On a personal level, I went vegan overnight (not only as far as food but also nonfood products etc) from omnivore, but it was easy for me because I was intolerant to dairy and did not eat a lot of meat anyway and I loved bean dishes and plant based milks already. I was also fortunate to receive a small inheritence at the same time (though sad that I lost my Grandma) which helped me replace a lot of things right away. What helped on a smaller scale though was listing some of my favorite foods that were already naturally vegan friendly and using those as a base and then branching out from there. For example I liked oatmeal , fresh fruits, beans on toast, that sort of thing for breakfast. I liked spaghetti with homemade tomato sauce, or split pea soup (vegetarian style), or burritos with refried bean filling and veggies, or baked beans with sauces and gravies on top and brocoli on the side. So I would make a menu of what to eat each day for a week with what I already knew and had on hand as plant based. I based my protein concentration (and still do) on beans/legumes, nuts and seeds, whole grains like whole wheat bread, bulgur, brown or wild rice, quinoa, buckwheat and tempeh and tofu. I learned that I could get my calcium needs met with leafy greens like kale, bok choy, collard greens, and brocoli as well as sesame seeds, molasses, and plant based milks and soy or coconut milk based yogurts. Leafy greens and molasses as well as most beans are also excellent sources of iron. I also did a LOT of browsing through Vegweb and I will tell you honestly that I relied HEAVILY on this site in the early days when I was learning to transition all my recipes to vegan versions (as well as find new ones). There are just so many recipes on here it is insane. I have a three ring binder notebook loaded with recipes from here. And there is such a variety, from all raw to comfort food to foreign fare. I would find recipes I had the ingredients for and use those. I have since branched waaaay out and my repetoire is vastly more than it ever was when I was an omnivore. Once you get the hang of it you will not be deprived! Just make sure to eat enough. This is the biggest problem for new vegans. They cut out the meat and dairy but do not replace those calories and then feel week and tired. I learned I needed to increase the volume of what I ate because I relied more on vegetables and fruits and high fiber foods than before, but I also needed to include healthy fats like nuts or nut butters, avocados, coconut, seeds, that sort of thing for satiety. I used to make my own bread for a long time because vegan commercial breads are sometimes difficult to find, but I do on occasion use Ezekiel brand or Food for Life bread or Rudys. I also discovered a local bakery that makes all vegan bread. But whole wheat seeded bread was also a lifesaver in the early days for satiety. And sweet potatoes are awesome too.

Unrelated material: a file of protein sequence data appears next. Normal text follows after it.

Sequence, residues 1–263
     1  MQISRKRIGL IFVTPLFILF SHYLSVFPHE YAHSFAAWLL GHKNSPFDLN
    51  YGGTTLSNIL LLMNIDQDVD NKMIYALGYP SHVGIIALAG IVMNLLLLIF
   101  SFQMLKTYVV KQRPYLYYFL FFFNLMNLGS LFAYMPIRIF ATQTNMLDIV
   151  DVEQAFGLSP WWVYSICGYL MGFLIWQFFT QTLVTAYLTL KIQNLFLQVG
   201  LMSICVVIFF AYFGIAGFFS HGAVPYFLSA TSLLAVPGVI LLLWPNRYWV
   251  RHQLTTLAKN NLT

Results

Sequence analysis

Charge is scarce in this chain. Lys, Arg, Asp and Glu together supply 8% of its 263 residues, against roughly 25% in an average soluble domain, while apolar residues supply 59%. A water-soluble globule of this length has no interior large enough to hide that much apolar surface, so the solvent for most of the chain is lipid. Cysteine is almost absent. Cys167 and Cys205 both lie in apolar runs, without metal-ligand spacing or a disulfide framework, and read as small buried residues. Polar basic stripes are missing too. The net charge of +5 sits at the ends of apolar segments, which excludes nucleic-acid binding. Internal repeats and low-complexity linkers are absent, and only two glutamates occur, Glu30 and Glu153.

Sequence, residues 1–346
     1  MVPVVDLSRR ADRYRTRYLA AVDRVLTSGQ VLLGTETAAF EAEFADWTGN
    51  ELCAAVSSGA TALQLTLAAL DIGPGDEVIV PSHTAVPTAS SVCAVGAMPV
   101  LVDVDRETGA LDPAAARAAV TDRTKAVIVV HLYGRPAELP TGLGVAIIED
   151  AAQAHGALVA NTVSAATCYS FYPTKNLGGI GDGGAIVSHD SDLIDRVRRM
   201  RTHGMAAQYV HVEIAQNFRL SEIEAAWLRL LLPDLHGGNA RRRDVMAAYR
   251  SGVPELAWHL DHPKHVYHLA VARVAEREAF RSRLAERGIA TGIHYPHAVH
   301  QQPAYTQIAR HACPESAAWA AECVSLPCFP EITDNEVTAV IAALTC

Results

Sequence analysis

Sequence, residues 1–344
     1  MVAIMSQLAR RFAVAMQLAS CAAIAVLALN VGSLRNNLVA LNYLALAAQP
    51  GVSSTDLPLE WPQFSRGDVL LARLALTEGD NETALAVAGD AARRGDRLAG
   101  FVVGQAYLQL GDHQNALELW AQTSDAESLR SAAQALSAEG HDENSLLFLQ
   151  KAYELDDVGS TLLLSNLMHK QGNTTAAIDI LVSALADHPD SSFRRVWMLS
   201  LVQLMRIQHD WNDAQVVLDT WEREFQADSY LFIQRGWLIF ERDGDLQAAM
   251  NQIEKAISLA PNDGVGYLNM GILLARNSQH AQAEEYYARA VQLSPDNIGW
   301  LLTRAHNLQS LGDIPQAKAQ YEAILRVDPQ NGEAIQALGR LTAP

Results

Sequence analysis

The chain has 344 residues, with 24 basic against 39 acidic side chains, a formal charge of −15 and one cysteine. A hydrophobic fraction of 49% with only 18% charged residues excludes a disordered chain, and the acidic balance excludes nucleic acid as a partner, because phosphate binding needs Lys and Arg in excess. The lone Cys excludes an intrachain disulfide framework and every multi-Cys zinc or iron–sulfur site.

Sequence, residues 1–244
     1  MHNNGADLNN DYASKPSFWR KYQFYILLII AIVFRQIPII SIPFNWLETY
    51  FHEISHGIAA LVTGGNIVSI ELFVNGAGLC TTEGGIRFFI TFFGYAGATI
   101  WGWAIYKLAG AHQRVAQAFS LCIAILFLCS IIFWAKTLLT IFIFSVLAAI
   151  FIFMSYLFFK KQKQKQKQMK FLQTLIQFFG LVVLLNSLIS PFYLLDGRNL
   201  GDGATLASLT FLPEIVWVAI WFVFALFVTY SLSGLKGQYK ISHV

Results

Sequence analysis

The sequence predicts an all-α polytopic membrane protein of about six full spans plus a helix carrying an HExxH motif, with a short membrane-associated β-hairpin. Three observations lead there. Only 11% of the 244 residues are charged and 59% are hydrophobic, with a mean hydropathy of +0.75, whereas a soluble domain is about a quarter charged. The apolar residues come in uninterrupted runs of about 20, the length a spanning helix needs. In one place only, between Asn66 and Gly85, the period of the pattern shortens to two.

Sometimes you can find local vegan or vegetarian groups in your area through "meetup.com". Meeting with vegans in person is an awesome experience and provides support and lots of knowledge and experience. There are also some alternative health food stores that offer plant based cooking classes so if there is something like this in your area check out their classes. If not, do not be discouraged, you are not alone! While veganism and plant based eating is getting more mainstream, we are still in the minority and at times it can be lonely. But as far as food and cookbooks and so on there are tons more options now than ever before. Another favorite recipe book I have is "Forks Over Knives". The recipes in there are fairly simple, economical, and very healhful. That book concentrates on not using oils and does go heavy on tofu which I unfortunately can not tolerate (I can tolerate all other soy just not tofu for whatever reason). different vegan cookbooks have different focuses. Most vegan cookbooks however, have introduction sections that help you stock your pantry with vegan pantry essentials (think nutritional yeast, plant milks, earth balance vegan butter spread, cider vinegar, cornstarch, flax meal or seed, etc). And they have tips on substituting for eggs, dairy, meat etc. so don't overlook recipe books as a resource.
I could go on and on but I don't want to overwhelm you too much. I hope this helps! Feel free to ask questions any time. Welcome again!
Be the first to add a comment.